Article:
The Mercatus Center at George Mason University completed a study on which states are ready for drone commerce and Oklahoma ranked number one out of all 50 states.
Countries around the world have commercial drone companies testing their products for agricultural, medical and home delivery services yet the U.S. has fallen behind due to complications between state and federal jurisdiction in drone and airspace management. States can create drone highways, which are aerial corridors above public roads, to open the opportunity for the drone industry and allow drone operations in low-altitude airspace while Congress and the FAA create federal regulations.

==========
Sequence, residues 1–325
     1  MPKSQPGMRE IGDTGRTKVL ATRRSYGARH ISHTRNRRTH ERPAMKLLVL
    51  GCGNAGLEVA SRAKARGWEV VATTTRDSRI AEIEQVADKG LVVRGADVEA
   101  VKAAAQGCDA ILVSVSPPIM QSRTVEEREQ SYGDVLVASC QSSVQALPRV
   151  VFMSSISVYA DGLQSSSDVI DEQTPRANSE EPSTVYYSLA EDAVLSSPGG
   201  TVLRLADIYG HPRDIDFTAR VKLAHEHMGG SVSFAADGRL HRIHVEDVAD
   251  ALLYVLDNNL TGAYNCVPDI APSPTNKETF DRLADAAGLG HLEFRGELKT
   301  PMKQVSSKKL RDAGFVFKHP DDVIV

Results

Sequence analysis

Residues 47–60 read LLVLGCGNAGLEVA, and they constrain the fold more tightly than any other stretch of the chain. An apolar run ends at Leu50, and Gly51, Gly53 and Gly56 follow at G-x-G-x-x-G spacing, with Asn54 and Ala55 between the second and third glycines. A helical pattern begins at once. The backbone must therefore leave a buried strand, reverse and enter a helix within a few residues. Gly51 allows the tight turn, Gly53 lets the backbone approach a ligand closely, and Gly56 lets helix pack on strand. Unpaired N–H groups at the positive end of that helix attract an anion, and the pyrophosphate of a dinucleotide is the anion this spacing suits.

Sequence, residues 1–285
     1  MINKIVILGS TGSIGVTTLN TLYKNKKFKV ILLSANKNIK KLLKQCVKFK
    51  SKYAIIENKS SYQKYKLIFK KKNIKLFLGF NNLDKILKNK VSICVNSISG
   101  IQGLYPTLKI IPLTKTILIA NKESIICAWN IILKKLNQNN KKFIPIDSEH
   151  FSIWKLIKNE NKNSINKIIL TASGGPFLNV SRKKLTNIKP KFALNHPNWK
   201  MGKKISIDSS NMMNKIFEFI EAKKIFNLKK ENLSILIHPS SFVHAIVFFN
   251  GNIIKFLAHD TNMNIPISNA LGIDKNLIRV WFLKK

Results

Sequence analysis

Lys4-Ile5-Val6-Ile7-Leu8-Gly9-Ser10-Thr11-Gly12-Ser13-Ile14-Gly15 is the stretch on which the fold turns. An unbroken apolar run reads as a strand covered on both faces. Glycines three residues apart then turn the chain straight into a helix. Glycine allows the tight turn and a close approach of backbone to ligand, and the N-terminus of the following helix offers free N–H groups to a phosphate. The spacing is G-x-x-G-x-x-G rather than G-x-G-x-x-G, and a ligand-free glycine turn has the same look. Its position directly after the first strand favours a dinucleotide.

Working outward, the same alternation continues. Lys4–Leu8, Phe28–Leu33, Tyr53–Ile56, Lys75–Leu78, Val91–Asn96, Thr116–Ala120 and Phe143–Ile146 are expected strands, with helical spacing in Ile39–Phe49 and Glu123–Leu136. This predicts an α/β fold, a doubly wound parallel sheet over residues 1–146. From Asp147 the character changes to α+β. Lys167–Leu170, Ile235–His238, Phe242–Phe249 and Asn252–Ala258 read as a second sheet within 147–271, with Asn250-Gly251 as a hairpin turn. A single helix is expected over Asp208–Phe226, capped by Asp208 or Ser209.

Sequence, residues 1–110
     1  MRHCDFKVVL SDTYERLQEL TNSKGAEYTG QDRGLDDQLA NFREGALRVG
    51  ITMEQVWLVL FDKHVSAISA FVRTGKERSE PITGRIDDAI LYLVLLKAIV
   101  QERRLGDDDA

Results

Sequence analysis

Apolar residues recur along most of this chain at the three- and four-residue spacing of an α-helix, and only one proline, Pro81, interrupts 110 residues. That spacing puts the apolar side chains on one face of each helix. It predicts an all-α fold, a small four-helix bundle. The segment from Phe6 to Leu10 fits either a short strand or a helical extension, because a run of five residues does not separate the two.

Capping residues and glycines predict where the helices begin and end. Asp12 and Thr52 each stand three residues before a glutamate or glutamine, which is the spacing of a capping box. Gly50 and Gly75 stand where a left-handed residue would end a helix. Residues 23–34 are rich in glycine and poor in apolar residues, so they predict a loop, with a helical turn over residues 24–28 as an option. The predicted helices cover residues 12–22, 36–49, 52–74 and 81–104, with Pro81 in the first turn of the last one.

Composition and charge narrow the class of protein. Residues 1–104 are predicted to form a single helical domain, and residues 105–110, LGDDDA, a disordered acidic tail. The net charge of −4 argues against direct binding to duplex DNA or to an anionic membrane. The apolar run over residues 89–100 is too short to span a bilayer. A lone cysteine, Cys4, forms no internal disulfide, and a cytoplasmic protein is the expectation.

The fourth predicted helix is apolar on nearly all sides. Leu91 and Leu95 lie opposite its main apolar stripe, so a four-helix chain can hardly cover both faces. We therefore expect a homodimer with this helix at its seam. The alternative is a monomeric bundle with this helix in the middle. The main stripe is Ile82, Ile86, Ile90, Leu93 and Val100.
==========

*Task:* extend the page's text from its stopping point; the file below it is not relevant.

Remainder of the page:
To better understand which states are most ready for commercial drone services, the study utilized six factors to score and rank the 50 states based on: airspace lease law; avigation easement law; task force or program office; law vesting landowners with air rights; sandbox (a designated place to test new technologies under liberal rules for a predetermined duration); and jobs estimate.
Out of the six criteria, Oklahoma was awarded all the available points in the categories of airspace lease law, task force or program office, law vesting landowners with air rights, and sandbox. In the jobs estimate category, our state lost only one point.